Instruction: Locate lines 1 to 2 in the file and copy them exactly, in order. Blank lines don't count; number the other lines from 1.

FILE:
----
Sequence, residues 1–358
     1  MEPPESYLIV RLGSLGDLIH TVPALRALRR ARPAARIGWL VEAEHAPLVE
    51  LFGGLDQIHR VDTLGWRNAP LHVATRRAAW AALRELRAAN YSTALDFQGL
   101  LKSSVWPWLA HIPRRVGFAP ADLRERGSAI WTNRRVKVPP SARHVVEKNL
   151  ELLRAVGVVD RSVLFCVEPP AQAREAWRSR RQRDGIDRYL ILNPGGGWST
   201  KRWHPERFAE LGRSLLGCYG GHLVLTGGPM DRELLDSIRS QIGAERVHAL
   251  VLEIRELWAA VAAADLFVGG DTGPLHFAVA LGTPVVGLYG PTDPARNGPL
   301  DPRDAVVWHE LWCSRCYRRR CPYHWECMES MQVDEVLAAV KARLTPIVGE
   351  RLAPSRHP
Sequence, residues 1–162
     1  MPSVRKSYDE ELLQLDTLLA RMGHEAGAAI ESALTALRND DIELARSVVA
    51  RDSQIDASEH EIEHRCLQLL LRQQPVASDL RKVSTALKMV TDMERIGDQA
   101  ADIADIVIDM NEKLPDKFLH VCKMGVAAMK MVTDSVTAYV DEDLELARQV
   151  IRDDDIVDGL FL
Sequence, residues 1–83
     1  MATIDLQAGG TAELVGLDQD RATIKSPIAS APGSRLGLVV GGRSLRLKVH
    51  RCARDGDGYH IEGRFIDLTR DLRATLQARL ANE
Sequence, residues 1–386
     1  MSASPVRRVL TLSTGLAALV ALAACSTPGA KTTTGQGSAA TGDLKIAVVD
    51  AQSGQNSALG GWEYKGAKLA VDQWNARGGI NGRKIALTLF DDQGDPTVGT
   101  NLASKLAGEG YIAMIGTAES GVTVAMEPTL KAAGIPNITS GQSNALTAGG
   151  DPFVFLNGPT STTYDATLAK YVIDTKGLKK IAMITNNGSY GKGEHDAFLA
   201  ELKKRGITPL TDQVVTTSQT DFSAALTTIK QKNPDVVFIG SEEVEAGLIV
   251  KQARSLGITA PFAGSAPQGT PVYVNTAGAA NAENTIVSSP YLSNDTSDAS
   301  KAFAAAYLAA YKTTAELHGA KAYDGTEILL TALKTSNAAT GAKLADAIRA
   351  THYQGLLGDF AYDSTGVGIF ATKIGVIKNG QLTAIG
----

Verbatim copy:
Sequence, residues 1–358
     1  MEPPESYLIV RLGSLGDLIH TVPALRALRR ARPAARIGWL VEAEHAPLVE